Review by Daniel for VoidCeremony - Threads of Unknowing (2023)
I’ve been aware of Californian death metallers VoidCeremony for five or six years now & have given all of their proper releases a casual listen at various stages so the nomination of their brand new sophomore album for feature release status was warmly received, especially given that I already had “Threads of Unknowing” on my list of records to check out over the next month or so. In saying that though, they’ve never quite been able to seal the deal for me with all three of the releases I’ve heard showing promise but failing to deliver that knockout punch. Initial reports seem to indicate that this may be the one that sees them finally dropping those shackles & making room for themselves amongst the more essential artists in the tech death movement though so my hopes were high going into my first listen.
Those hopes begun to falter fairly quickly though it has to be said. The production job on “Threads of Unknowing” sounds like they've taken an each-way bet as there’s enough clarity for you to easily make out all of the individual components however it’s far dirtier than I would like for such a technically-inclined release. It seems like they’ve intentionally kept a layer of filth over the recording in order to maintain that elusive death metal street credibility that can either make or break a modern extreme metal band but the result is simply not what’s going to best support an artist like VoidCeremony whose appeal is in no small part based on their expansiveness & creativity. They would have been far better served by a glistening progressive metal production job that better highlighted the deviations from the standard death metal model but, as it stands, some of these sections take a bit of digging before they become apparent.
The lineup for “Threads of Unknowing” is the same as for last year’s “At The Periphery of Human Realms” demo with the credentials of band leader Garrett Johnson’s trio of supporting musicians being almost too significant to fit on the one page. Guitarist Philippe Tougas has an enormous pedigree in extreme metal with his resume including time with the likes of Atramentus, Chthe'ilist, Cosmic Atrophy, First Fragment, Funebrarum, Worm, Equipoise, Eternity's End, Serocs, Vengeful & Zealotry. The dual axe attack is joined by Australian metal royalty in bassist Damon Good of Cauldron Black Ram, Martire, Mournful Congregation & StarGazer fame while drummer Charles Koryn has amassed an equally impressive music career with bands like Ascended Dead, Chthonic Deity, Decrepisy, Funebrarum & Ghoulgotha. That’s a fuck-tonne of recording experience right there so it’s a little bit of a shame that the production issues I mentioned have dulled the brightness of some pretty wonderful performances.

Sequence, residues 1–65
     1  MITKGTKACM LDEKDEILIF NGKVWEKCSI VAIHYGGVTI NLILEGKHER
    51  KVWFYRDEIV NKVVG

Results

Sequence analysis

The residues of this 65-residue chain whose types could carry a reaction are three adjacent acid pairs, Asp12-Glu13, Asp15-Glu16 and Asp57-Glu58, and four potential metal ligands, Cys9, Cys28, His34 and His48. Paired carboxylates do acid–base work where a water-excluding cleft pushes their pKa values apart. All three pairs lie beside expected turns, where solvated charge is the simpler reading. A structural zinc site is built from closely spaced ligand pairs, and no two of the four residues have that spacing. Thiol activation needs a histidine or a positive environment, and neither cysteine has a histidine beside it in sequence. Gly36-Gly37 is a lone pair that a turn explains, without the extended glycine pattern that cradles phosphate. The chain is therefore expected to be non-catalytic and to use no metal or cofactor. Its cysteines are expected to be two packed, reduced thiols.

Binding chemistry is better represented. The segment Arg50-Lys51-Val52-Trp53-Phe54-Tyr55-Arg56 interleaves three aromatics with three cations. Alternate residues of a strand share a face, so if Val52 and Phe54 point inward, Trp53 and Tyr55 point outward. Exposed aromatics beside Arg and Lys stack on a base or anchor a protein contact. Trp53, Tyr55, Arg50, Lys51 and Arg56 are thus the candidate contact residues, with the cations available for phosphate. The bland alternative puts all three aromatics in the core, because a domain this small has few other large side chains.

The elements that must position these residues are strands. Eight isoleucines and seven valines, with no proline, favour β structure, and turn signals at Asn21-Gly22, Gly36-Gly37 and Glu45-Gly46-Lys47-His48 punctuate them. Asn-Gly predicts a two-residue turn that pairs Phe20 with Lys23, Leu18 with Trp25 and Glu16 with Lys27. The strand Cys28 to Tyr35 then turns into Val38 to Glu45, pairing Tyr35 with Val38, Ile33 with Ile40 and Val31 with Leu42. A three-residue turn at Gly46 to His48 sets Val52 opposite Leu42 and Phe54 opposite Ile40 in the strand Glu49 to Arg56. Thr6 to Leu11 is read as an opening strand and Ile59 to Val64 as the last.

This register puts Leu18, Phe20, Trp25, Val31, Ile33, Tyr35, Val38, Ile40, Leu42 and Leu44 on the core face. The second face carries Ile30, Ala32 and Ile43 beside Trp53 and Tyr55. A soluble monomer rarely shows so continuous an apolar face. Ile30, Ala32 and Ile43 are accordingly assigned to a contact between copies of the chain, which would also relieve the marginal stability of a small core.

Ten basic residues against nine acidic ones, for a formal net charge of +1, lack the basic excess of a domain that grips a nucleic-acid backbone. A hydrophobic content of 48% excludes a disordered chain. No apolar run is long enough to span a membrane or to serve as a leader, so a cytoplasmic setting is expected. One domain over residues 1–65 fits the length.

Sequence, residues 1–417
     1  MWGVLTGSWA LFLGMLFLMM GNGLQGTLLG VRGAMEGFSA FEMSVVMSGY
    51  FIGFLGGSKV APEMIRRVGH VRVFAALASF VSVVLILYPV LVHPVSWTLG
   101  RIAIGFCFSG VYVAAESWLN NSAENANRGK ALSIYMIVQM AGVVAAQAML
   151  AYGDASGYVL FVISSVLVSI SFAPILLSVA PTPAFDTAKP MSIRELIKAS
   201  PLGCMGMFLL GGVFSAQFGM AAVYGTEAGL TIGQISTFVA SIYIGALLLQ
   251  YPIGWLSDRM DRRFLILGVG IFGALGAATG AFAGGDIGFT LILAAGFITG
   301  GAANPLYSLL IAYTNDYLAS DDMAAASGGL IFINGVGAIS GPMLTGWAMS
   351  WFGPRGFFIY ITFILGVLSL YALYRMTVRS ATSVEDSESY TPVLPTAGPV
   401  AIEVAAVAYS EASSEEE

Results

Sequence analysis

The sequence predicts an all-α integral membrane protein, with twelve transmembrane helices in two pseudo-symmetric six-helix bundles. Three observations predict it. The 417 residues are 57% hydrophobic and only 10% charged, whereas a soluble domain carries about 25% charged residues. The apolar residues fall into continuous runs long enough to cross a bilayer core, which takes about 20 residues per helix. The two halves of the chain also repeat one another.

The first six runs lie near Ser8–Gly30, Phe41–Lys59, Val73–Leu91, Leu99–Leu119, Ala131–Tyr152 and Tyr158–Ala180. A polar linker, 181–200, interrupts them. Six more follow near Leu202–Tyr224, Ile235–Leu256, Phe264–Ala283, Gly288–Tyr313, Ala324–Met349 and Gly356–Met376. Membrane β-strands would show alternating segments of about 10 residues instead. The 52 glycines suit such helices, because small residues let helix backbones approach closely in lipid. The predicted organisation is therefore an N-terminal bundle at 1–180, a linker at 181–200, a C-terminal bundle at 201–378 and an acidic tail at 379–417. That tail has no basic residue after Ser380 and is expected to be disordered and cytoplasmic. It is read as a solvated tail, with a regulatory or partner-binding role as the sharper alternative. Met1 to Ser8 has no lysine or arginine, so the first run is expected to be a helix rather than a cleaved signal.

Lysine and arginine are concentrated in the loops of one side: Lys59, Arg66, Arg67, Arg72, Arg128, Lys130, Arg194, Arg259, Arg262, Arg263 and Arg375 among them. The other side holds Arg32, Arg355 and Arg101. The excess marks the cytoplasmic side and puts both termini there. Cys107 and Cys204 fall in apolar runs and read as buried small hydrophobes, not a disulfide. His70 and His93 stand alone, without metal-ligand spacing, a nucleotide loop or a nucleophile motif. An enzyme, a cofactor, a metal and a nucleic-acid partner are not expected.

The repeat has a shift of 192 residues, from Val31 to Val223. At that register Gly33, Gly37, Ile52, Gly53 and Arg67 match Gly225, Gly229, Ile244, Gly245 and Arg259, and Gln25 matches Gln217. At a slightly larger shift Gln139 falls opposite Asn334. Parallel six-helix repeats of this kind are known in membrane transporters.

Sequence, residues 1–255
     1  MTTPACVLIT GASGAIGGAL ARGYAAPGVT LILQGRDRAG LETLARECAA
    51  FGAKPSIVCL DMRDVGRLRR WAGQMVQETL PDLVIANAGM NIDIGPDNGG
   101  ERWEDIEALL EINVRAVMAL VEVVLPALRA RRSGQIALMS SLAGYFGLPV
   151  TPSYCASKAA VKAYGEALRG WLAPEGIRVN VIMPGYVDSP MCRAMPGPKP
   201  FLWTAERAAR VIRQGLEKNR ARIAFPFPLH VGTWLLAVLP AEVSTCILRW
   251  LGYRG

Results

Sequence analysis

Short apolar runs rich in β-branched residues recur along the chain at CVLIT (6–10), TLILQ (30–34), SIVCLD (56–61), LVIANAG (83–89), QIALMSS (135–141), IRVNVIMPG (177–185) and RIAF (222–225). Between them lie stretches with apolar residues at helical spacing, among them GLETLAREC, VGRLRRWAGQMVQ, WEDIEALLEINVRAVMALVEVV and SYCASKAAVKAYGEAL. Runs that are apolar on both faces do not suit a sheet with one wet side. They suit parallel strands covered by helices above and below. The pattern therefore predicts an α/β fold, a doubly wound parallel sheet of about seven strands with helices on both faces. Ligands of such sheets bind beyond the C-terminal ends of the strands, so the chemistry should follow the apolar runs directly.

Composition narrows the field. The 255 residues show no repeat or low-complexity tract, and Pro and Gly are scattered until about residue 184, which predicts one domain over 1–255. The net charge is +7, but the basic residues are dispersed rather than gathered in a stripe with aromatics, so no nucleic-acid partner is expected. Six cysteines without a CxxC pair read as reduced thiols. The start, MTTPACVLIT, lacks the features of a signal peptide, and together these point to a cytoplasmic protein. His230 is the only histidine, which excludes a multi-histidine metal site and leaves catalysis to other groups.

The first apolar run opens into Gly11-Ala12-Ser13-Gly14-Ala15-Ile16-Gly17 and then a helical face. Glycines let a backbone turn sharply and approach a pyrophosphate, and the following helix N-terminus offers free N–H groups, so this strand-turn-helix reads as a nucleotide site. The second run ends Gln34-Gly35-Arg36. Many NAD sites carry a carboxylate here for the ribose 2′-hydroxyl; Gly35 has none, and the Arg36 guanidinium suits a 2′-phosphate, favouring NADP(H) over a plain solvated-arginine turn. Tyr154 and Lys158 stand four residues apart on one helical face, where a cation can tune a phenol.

Before going into “Thread of Unknowing”, I’d been led to believe that it was Void Ceremony’s most progressive release to date but the first four tracks only show glimpses of that with the majority of that material staying in the tech death space for the most part. It’s only really the last two tracks that see the band flexing their creative muscles a little further which is a bit of a shame as these moments seem to elevate things to another level, particularly the more expansive, jazz-inspired solos & Good's angular bass lines which are the clear highlights of the album. The hints at an early 90’s progressive death metal influence (Atheist, Cynic, Death, etc.) are most welcome & I’m hopeful that we’ll see those expanded upon in the future. Unfortunately, the production tends to take the edge off a bit as it doesn’t seem to want to let VoidCeremony free itself of its association with Immolation/Morbid Angel style death metal. The generic death growls don’t help there either to be fair which is a real shame as it feels like the band were being held back a bit.
Look, “Threads of Unknowing” is far from a disappointment. On the contrary, it’s a very consistent tech death outing from a group of quality performers. I think I’m perhaps just being a little harsh on it given the clear potential for greater things. It wouldn’t surprise me if the next VoidCeremnoy record sees them dropping death metal altogether & presenting the world with something significantly more adventurous & I for one hope that’s the case but for the time being we’ll have to be satisfied with what we have here i.e. a pretty decent example of the technical/progressive death metal sound that should appeal to fans of StarGazer, Ænigmatum & Lunar Chamber.